So you want something similar to ray casting, but you want the ray to have width. If any part of the ray overlaps with an object then you want the entire ray to be occluded. Is this correct?
You're right that the ray has 0 width. But depending on how you need your beam to work this might not be a problem.
I've seen a published game created in C3 do a wide laser using ray tracing, and I'm fairly sure they just cast a single ray down the middle. Most players won't notice. The narrower the laser the less noticeable the issue. Suppose that you render the actual beam by stretching a sprite from the source of the ray to the point of it's collision. That sprite has a rectangular collision polygon, so you can use that to check if any enemies touched the beam. Using this technique will not allow enemies to obstruct the beam, but you can check if the laser ( with width ) passed through them!
A more complex solution is to cast more than 1 ray for your laser. For example cast one ray for the left side and one for the right hand side. If one or both collided with an object then the ray was obstructed, the closest collision is the "real" one. This is faking the collision, so it's not exact. You might have issues with objects that are smaller than the width of the beam, or pointy collision shapes. You can tweak this by adding more ray casts within the laser.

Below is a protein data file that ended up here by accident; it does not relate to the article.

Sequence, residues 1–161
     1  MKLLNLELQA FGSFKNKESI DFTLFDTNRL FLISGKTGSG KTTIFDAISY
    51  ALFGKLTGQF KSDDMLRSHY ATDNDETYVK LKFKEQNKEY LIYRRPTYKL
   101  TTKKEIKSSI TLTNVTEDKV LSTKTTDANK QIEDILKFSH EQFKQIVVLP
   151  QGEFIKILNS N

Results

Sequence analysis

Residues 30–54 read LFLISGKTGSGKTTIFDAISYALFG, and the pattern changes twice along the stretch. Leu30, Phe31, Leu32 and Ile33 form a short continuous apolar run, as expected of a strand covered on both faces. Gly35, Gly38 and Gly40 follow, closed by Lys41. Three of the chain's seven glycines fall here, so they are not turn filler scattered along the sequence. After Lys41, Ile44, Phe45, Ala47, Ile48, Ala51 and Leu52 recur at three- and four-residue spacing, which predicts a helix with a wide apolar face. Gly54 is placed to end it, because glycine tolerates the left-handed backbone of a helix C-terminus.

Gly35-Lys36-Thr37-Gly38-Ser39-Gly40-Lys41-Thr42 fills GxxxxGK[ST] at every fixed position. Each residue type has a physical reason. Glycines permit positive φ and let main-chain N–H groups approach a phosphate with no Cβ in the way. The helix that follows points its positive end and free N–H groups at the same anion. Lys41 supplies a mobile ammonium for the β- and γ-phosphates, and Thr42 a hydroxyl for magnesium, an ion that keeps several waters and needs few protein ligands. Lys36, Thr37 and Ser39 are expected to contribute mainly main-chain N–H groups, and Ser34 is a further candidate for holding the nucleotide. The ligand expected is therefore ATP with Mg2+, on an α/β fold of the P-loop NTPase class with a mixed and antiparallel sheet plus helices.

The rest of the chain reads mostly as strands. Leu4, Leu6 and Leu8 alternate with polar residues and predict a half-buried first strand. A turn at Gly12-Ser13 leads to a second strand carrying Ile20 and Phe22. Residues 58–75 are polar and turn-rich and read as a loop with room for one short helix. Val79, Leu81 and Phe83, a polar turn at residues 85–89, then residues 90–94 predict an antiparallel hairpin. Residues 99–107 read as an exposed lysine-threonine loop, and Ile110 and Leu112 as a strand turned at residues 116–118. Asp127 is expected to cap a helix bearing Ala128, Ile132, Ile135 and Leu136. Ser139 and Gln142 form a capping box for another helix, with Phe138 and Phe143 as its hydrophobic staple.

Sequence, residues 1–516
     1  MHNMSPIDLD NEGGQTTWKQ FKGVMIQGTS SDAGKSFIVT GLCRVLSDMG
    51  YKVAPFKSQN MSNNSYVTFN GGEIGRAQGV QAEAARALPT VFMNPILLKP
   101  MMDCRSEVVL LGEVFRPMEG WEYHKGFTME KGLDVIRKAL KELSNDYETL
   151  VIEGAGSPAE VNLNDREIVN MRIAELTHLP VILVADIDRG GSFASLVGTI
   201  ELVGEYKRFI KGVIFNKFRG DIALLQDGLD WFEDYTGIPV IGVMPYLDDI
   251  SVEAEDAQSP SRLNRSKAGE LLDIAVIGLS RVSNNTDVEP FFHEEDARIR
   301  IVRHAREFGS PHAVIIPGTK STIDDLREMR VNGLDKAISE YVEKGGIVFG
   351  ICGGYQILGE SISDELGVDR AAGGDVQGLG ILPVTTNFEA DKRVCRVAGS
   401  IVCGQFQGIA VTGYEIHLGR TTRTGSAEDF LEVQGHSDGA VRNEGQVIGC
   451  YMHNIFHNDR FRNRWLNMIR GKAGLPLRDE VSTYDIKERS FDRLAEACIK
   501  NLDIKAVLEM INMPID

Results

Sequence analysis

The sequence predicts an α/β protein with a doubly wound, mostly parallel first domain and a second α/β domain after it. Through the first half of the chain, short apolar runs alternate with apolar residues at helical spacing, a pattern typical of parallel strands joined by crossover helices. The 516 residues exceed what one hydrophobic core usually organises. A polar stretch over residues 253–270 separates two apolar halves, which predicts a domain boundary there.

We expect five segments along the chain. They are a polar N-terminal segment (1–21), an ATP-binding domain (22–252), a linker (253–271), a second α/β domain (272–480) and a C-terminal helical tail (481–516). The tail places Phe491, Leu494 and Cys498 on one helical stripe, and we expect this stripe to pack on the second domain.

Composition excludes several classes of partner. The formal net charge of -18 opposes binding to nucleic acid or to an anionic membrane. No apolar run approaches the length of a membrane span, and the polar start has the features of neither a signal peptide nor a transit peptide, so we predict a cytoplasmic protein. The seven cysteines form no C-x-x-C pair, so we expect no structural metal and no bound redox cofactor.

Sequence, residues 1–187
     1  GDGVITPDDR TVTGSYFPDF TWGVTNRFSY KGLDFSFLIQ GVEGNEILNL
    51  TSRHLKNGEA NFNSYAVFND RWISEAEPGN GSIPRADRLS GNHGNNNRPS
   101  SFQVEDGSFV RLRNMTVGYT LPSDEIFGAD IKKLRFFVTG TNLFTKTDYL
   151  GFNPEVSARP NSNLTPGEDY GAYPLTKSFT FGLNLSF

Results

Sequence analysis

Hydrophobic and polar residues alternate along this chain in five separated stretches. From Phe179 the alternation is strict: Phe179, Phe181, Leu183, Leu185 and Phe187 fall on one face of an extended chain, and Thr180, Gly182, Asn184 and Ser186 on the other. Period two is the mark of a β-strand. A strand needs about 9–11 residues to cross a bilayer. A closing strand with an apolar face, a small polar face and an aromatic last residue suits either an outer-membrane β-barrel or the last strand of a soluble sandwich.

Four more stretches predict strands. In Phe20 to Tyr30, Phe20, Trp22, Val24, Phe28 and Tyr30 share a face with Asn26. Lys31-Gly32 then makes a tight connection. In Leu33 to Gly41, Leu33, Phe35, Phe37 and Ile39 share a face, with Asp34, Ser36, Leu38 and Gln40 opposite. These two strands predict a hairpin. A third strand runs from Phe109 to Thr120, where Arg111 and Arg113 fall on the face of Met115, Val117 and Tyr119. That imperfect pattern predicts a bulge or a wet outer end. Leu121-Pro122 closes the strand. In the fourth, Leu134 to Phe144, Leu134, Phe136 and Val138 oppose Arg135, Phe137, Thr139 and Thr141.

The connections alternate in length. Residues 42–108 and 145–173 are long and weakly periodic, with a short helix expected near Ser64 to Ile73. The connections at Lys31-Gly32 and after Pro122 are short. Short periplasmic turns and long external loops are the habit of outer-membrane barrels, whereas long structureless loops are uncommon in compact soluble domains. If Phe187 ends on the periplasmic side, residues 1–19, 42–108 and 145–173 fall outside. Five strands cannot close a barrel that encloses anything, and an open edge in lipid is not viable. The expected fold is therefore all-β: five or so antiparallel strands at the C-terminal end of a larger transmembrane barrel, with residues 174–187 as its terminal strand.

A final alternative is to use the bullet behaviour. It's reflections don't have the exact angles like raycasting does, but it is quite close to correct and takes into account the shape of the objects collision polygon. You can use bullet stepping to prevent fast bullets from passing through objects erroneously.